|Writing system||Latin script|
|Type||Alphabetic and Logographic|
|Language of origin|| Latin language |
|Phonetic usage||[ x ]|
[ χ ]
[ ħ ]
[ kʰ ]
[ k͡ s ]
[ ʃ ]
[ ɕ ]
[ tʼ ]
[ ɗ ]
[ ʔ ]
[ ǁ ]
[ k͡ ʃ ]
[ d͡z ]
[ d͡ʒ ]
[ sʲ ]
[ z ]
|Time period||~-700 to present|
|Descendants|| • × |
|Sisters|| Х |
|Other letters commonly used with||x(x)|
X or x is the 24th and third-to-last letter in the modern English alphabet and the ISO basic Latin alphabet. Its name in English is ex (pronounced // ), plural exes.
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In Ancient Greek, 'Χ' and 'Ψ' were among several variants of the same letter, used originally for /kʰ/ and later, in western areas such as Arcadia, as a simplification of the digraph 'ΧΣ' for /ks/. In the end, more conservative eastern forms became the standard of Classical Greek, and thus 'Χ' (Chi) stood for /kʰ/ (later /x/; palatalized to [ç] in Modern Greek before front vowels). However, the Etruscans had taken over 'Χ' from western Greek, and it therefore stands for /ks/ in Etruscan and Latin.
The letter 'Χ' ~ 'Ψ' for /kʰ/ was a Greek addition to the alphabet, placed after the Semitic letters along with phi 'Φ' for /pʰ/.
In English orthography, ⟨x⟩ is typically pronounced as the voiceless consonant cluster // when it follows the stressed vowel (e.g. ox), and the voiced consonant // when it precedes the stressed vowel (e.g. exam). It is also pronounced // when it precedes a silent ⟨h⟩ and a stressed vowel (e.g. exhaust). Before ⟨i⟩ or ⟨u⟩, it can be pronounced // or // (e.g. sexual and luxury); these result from earlier // and // . It also makes the sound // in words ending in -xion (typically used only in British-based spellings of the language; American spellings tend to use -ction). When ⟨x⟩ ends a word, it is always // (e.g. fax), except in loan words such as faux (see French, below).
There are very few English words that start with ⟨x⟩ (the fewest of any letter). When ⟨x⟩ does start a word, it is usually pronounced // (e.g. xylophone, xenophobia, and xanthan); in rare recent loanwords or foreign proper names, it can also be pronounced // (e.g. the obsolete Vietnamese monetary unit xu ) or // (e.g. Chinese names starting with Xi like Xiaomi or Xinjiang). Many of the words that start with ⟨x⟩ are of Greek origin, or standardized trademarks ( Xerox ) or acronyms (XC). In abbreviations, it can represent "trans-" (e.g. XMIT for transmit, XFER for transfer), "cross-" (e.g. X-ing for crossing, XREF for cross-reference), "Christ-" as shorthand for the labarum (e.g. Xmas for Christmas, Xian for Christian), the "crys-" in crystal (XTAL), or various words starting with "ex-" (e.g. XL for extra large, XOR for exclusive-or).
X is the third least frequently used letter in English (after ⟨q⟩ and ⟨z⟩), with a frequency of about 0.15% in words.
In Latin, ⟨x⟩ stood for [ks]. In some languages, as a result of assorted phonetic changes, handwriting adaptations or simply spelling convention, ⟨x⟩ has other pronunciations:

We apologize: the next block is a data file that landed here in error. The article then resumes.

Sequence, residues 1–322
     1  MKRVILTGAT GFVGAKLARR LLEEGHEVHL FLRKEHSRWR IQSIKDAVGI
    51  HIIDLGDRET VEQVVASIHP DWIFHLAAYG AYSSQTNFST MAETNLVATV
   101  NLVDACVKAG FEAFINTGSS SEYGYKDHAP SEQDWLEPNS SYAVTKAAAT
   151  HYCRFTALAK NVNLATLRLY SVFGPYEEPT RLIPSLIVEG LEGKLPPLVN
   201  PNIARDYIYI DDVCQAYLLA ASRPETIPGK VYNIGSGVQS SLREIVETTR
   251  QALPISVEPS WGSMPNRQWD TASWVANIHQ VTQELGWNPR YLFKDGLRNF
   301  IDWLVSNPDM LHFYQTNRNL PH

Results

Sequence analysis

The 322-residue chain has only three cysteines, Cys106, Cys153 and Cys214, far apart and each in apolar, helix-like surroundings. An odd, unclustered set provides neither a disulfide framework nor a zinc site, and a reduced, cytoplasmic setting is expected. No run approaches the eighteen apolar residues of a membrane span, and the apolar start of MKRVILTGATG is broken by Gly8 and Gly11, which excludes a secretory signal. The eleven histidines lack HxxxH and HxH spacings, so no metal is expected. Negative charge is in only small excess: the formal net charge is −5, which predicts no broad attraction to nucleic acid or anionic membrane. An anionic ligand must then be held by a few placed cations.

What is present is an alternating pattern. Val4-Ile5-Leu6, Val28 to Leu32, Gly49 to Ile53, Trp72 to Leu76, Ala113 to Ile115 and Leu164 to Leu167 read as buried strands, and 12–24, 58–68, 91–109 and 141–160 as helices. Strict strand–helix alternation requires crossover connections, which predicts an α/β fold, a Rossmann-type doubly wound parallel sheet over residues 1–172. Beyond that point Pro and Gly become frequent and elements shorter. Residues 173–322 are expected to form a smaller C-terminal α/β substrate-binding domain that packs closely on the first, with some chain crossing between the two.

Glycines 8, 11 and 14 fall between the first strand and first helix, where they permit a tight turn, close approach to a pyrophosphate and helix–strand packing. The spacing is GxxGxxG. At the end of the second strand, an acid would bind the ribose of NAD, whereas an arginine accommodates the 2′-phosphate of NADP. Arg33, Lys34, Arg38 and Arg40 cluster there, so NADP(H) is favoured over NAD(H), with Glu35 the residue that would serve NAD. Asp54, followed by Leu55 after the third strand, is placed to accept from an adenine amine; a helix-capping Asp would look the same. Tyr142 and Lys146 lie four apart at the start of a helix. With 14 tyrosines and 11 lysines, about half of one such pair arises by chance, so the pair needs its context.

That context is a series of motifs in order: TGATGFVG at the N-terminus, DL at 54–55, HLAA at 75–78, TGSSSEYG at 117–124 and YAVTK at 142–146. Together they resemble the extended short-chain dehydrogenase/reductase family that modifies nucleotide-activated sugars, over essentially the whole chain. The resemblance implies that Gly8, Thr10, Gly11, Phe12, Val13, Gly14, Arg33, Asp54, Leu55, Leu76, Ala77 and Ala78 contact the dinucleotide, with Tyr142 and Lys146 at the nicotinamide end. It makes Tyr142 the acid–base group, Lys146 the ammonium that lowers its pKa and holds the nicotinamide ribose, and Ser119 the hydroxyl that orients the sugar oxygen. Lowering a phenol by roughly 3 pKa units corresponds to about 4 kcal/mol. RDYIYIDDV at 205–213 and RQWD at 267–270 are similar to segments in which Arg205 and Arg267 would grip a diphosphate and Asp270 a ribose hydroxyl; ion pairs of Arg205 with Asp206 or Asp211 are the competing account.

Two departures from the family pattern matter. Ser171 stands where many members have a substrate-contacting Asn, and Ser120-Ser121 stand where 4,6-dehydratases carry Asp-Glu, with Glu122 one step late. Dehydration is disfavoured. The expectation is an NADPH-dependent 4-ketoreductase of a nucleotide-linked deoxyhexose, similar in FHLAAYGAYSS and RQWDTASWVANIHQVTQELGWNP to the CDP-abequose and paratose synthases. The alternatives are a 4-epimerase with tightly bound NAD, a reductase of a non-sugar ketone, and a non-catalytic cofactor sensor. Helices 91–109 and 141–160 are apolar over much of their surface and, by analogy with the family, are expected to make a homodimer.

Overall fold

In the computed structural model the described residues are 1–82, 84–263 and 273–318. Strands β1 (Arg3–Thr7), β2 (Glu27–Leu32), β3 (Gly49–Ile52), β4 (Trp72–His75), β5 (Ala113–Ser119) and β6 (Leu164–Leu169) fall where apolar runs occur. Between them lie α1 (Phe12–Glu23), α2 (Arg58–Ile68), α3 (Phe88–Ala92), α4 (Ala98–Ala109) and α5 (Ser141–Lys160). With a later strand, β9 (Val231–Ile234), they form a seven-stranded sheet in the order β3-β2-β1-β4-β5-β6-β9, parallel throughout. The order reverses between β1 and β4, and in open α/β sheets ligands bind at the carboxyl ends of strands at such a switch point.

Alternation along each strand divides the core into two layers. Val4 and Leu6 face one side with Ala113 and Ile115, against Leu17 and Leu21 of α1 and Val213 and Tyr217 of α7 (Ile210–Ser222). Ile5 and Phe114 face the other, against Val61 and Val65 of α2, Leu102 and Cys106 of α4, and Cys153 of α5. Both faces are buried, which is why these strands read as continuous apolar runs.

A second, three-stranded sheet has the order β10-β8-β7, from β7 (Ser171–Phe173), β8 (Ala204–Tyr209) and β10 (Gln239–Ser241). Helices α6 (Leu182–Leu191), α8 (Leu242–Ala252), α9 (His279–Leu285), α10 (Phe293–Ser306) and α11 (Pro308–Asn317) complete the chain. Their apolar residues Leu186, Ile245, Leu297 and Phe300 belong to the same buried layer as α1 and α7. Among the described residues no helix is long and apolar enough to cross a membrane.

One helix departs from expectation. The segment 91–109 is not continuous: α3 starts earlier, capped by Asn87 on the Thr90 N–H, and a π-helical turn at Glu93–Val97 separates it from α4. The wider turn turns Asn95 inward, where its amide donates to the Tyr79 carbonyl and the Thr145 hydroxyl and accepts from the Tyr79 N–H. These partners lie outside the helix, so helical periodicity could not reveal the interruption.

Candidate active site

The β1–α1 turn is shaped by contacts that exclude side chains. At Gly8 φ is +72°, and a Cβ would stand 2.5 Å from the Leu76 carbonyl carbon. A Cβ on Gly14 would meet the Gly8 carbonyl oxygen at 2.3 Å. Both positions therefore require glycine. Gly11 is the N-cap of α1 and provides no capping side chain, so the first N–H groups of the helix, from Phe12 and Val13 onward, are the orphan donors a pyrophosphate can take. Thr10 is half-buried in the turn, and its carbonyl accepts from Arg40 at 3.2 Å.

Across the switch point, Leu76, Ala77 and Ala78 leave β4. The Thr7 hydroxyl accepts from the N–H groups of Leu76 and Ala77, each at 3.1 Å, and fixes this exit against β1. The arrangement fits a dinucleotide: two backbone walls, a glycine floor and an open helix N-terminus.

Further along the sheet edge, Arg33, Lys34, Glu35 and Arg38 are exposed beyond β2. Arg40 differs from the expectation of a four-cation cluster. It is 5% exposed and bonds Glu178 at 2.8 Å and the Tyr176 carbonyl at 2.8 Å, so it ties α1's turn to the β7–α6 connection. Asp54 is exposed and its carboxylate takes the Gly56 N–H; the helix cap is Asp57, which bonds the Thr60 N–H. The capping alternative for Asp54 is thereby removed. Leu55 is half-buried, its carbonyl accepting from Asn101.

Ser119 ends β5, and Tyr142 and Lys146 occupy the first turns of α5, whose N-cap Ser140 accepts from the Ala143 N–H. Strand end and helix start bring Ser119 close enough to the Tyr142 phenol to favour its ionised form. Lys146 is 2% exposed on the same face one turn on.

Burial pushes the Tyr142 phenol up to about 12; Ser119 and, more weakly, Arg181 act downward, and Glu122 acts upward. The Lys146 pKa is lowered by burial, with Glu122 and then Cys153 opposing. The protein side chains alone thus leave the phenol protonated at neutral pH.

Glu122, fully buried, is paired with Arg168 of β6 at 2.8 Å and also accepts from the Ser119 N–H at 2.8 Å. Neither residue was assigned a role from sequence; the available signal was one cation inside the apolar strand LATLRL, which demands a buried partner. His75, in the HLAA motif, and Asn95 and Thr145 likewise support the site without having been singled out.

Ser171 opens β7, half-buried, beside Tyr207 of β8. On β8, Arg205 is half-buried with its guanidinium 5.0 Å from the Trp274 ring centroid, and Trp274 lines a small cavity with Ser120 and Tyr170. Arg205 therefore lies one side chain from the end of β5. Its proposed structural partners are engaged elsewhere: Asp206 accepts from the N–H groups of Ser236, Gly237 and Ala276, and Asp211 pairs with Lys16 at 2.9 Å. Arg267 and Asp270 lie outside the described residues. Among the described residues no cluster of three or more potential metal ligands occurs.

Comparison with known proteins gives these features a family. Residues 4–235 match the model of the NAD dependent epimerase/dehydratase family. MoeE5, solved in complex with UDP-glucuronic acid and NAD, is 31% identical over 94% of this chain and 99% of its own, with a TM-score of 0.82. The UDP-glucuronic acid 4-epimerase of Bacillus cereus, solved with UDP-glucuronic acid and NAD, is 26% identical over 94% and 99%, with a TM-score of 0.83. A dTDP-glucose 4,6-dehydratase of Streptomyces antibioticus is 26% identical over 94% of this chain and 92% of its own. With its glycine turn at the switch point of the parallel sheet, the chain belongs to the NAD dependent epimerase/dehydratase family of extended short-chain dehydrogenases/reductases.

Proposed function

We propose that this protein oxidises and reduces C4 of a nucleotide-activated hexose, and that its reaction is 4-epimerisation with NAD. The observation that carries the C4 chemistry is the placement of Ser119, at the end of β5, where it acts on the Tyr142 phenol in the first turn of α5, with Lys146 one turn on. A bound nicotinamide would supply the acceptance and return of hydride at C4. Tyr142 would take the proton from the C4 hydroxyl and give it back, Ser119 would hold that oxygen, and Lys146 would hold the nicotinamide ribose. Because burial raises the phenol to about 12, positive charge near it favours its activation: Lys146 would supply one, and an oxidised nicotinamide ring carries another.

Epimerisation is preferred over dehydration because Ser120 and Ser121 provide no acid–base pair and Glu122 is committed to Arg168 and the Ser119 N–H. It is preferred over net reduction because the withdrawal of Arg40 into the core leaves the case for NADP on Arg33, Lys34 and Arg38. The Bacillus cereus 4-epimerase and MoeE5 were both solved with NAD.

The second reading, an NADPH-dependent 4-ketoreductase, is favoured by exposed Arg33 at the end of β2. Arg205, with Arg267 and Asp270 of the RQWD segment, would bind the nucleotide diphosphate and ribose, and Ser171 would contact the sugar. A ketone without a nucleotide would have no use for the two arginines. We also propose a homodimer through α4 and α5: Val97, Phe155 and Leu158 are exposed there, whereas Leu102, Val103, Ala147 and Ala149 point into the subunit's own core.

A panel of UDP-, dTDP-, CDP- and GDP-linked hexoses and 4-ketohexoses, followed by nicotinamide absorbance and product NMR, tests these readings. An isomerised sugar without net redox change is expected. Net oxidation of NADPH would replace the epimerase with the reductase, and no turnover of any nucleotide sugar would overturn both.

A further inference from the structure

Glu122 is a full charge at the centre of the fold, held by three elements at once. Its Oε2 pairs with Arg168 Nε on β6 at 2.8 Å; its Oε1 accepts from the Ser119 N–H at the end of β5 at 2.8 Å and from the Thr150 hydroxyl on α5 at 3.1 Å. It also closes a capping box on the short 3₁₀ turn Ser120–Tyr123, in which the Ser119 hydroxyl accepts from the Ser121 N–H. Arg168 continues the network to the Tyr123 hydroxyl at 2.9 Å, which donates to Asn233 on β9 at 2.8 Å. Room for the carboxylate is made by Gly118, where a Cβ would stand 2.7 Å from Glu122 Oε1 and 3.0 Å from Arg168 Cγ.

Additionally, in languages for which the Latin alphabet has been adapted only recently, ⟨x⟩ has been used for various sounds, in some cases inspired by European usage, but in others, for consonants uncommon in Europe. For these no Latin letter stands out as an obvious choice, and since most of the various European pronunciations of ⟨x⟩ can be written by other means, the letter becomes available for more unusual sounds.
In the International Phonetic Alphabet, ⟨x⟩ represents a voiceless velar fricative.
In mathematics, x is commonly used as the name for an independent variable or unknown value. The modern tradition of using x to represent an unknown was introduced by René Descartes in La Géométrie (1637).As a result of its use in algebra, X is often used to represent unknowns in other circumstances (e.g. X-rays, Generation X, The X-Files , and The Man from Planet X ; see also Malcolm X).
On some identification documents, the letter X represents a non-binary gender, where F means female and M means male.
In the Cartesian coordinate system, x is used to refer to the horizontal axis.
It may also be used as a typographic approximation for the multiplication sign, ), partly to avoid confusion with the multiplication symbol. In fonts containing both x (the letter) and × (the multiplication sign), the two glyphs are dissimilar.. In mathematical typesetting, x meaning an algebraic variable is normally in italic type (
It can be used as an abbreviation for 'between' in the context of historical dating; e.g., '1483 x 1485'.
Maps and other images sometimes use an X to label a specific location, leading to the expression "X marks the spot".
The Roman numeral Ⅹ represents the number 10.
In art or fashion, the use of X indicates a collaboration by two or more artists, e.g. Aaron Koblin x Takashi Kawashima. This application, which originated in Japan, now extends to other kinds of collaboration outside the art world.This usage mimics the use of a similar mark in denoting botanical hybrids, for which scientifically the multiplication × is used, but informally a lowercase "x" is also used.
|Unicode name||LATIN CAPITAL LETTER X||LATIN SMALL LETTER X|
|Numeric character reference||X||X||x||x|